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Capacity training for SAEON postgraduate student – first-hand experience in Europe

By Athi Mfikili, PhD Candidate, SAEON Elwandle Node and Nelson Mandela University, Port Elizabeth
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I am a PhD student under the Professional Development Programme* of the National Research Foundation based at SAEON’s Elwandle Node and registered at Nelson Mandela University.

I study the sedimentary deposits of low-lying coastal areas, such as estuaries, to investigate the occurrence and recurrence of past extreme marine events along the South African coast with a strong emphasis on tsunamis.

An African proverb that says “the foot has no nose” – known to Xhosa-speaking people as Unyawo alunampumlo (no one knows their destination), defines my journey in the coastal marine sciences. Having enrolled for a BA in Geography and a BA Honours in Environmental Management for my first two degrees, I never planned to have a career in the field of coastal marine science.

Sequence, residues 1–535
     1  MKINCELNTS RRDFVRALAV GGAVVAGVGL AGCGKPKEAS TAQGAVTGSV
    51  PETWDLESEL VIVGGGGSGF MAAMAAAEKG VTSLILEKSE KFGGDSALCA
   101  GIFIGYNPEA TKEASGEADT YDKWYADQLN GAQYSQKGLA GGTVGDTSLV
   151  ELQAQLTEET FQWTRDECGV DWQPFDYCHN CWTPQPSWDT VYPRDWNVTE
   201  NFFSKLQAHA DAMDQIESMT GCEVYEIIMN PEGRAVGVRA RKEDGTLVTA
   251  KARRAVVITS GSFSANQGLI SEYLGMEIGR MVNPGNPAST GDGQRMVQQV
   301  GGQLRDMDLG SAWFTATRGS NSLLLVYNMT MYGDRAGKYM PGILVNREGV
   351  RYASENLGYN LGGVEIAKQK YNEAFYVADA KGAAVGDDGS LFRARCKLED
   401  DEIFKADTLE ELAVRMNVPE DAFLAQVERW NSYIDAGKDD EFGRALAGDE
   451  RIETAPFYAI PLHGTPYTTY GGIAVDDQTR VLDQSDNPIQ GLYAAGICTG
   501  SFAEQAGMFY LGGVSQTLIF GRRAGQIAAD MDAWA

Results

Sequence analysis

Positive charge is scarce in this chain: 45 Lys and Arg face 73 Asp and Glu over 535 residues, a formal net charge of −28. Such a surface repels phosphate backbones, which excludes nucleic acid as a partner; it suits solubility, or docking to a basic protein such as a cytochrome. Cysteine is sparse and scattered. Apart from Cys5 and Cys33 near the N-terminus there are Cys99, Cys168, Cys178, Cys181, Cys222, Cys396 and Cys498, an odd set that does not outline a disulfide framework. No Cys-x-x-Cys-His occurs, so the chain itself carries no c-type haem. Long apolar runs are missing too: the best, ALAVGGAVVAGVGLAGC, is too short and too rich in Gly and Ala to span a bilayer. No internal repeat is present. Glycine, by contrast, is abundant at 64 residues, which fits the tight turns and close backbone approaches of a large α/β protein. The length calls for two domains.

Given the novelty of this study in the regional context, I spent the first year of my PhD studying global literature on the subject and its philosophies. For that purpose, I connected with various scientists across the world who gave me significant input into my project. One of the many things I learnt while doing my MSc is that “you don’t have to know someone to work with them”.

One of the people with whom I established contact is Dr Pedro Costa of the University of Lisbon (now at the University of Coimbra in Portugal), who investigated the sedimentological signatures of extreme marine inundation in his PhD. He used a scanning electron microscope (SEM) to analyse grain surface microtextures on quartz, a recent technique in the interpretation of tsunami and storm deposits.

When I told him about my intention to use the SEM technique in my study, he was keen to host me at the University of Lisbon (at zero cost). I also attended a course on Foraminifera, organised by the International School on Foraminifera at the University of Urbino in Italy.